For nigh on fifty years now the US Government hasn’t seemed to know enough about what was going on with this new technology to step up and impose needed regulations. In some cases, those running these companies couldn’t have told you what was going on. It has all been a wild ride. Now, in the early 21stCentury, as in the early 20th, it is clear to most that something must be done. As in 1904, the first step is to break them up. They are so big that no one else can compete. Sound familiar? As with the titans of the Gilded Age, these guys have tremendous influence on national economics, society, and politics and policy. These guys have world-wide influence.

As in the gilded Age: Too big is when a company has its own Representatives and Senators, and writes legislation meant to benefit itself. Too big when, as a result of that legislation, immigrant labor is used to suppress workers wages. In the Gilded Age, Capitalism was next to god; strikers were shot. In Myanmar, Buddhist nationalist beat, raped, and killed Rohingya Muslims because of anti-Muslim hate-speech postings on Facebook. When confronted with this fact, Facebook expressed concern.

As in the Gilded Age, these new Titans of what was now the Technology Age have been hailed as geniuses. Fair to say, some of them are of well above average intelligence. Also fair to say that some of them are not. That some aren’t all that well rounded, or educated. That some are amoral. Wise? We have seen little or no evidence of that.

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Jones v USPS September 21, 2020

Steve Hutkins of Save The Post Office updates us on the “Jones vs USPS” suit filed in United States District Court for the Southern District of New York. He has been live-blogging the events from Save The Post Office blog.

September 21, 2020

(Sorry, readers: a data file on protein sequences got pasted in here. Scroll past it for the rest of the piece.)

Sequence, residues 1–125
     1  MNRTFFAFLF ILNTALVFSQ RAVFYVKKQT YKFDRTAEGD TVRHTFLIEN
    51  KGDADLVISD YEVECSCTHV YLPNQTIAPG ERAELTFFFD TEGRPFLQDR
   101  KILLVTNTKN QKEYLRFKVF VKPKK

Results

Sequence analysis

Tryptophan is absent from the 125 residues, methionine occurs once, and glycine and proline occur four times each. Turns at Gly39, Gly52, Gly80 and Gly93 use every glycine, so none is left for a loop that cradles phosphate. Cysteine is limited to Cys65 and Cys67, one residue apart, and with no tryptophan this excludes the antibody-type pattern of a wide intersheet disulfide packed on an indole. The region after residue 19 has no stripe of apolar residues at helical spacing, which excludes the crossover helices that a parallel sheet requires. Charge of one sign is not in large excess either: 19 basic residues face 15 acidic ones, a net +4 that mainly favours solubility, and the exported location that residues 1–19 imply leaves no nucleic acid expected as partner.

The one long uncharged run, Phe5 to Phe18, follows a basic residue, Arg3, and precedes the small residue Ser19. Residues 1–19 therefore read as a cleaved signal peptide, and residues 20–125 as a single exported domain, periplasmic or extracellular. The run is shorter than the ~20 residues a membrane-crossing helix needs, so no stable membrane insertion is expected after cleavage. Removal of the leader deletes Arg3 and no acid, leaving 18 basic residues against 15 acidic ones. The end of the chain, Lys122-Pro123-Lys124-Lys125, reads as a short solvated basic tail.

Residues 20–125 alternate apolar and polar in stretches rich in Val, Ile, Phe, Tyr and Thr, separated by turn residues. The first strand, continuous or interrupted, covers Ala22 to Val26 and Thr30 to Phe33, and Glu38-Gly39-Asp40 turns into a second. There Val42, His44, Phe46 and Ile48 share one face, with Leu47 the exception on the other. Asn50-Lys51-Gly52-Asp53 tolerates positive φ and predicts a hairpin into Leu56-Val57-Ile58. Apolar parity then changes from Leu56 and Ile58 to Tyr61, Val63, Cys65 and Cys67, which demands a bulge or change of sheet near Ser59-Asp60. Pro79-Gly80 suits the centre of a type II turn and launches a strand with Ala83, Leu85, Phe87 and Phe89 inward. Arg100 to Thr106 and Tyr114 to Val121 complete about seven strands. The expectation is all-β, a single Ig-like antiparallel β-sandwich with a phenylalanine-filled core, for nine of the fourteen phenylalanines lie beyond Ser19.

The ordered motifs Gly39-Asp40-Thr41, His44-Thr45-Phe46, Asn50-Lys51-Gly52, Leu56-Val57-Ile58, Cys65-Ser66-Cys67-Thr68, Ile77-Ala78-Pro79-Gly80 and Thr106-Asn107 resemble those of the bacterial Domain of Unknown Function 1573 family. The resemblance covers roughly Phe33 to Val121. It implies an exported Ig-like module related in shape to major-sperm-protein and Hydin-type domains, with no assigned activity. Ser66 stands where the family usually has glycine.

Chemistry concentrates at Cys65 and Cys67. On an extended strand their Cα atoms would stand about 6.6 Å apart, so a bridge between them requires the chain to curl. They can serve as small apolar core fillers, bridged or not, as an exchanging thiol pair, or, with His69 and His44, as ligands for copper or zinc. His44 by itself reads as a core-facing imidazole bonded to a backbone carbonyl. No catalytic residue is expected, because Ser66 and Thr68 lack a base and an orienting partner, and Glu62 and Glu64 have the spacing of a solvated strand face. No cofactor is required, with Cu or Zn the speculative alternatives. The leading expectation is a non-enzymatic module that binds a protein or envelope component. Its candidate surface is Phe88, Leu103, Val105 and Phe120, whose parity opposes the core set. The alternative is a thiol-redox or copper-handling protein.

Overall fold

Big news today: The plaintiffs have won a second suit against the Postal Service. The judge in Jones v USPS, Victor Morrero of the SDNY, has ordered a preliminary injunction preventing the Postal Service from enacting changes that endanger voting by mail. The order is here. It’s the second such order for a preliminary injunction, following the order in Washington v USPS issued on Sept. 17. The Associated Press has the first article about the Jones decision, here, and CNN reports here.

The Jones order directs the Postal Service to “treat all Election Mail as First-Class Mail or Priority Mail Express” and to provide the court a cost estimate for doing so;  to “pre-approve all overtime that has been or will be requested for the time period beginning October 26, 2020 and continuing through November 6, 2020”; and “submit to the Court a list of steps necessary to restore First-Class Mail and Marketing Mail on-time delivery scores to the highest score each respective class of mail has received in 2020.”

The Jones order also directs the Postal Service to submit a proposed memorandum to all USPS managerial staff (the “Guidance Memorandum”) that explains all USPS policy requirements concerning the treatment of Election Mail and that clarifies late and extra trips are not banned, do not require pre-approval, and will not result in disciplinary action.

Judge Morrero has also ordered the Postal Service to provide not only the same weekly updates on service performance that the USPS is providing Congress but also more detailed reports that disaggregate 2-day and 3-5 day service reports and include variance data showing how many days late the mail is.

These are the same detailed reports that, at my request, the Postal Regulatory Commission asked the Postal Service to provide. The Postal Service said that it would take 56 weeks to prepare such reports, and it failed to submit them by the deadline, Sept. 18. It will be interesting to see how the Commission responds to this failure and what the Postal Service does in response to Judge Morrero’s order to produce these reports.

As a side note, we’re happy to report that Mark Jamison, regular contributor to savethepostoffice.com, submitted oral and written testimony in Jones, and his comments are cited several times in Judge Morrero’s order.

In Richardson, the plaintiffs have filed a Reply in Further Support of Plaintiffs’ Motion for a Preliminary Injunction. The Reply frequently cites the order for a preliminary injunction in Washington, and concludes with a request for a “special master”: “The grave constitutional harm that will result from USPS’s failure to implement any changes ordered, along with the extremely short time in which USPS must implement those changes, requires supervision to ensure that it is done. Therefore, Plaintiffs request that the Court exercise its discretion to appoint a master to assist in the implementation of the Court’s orders.”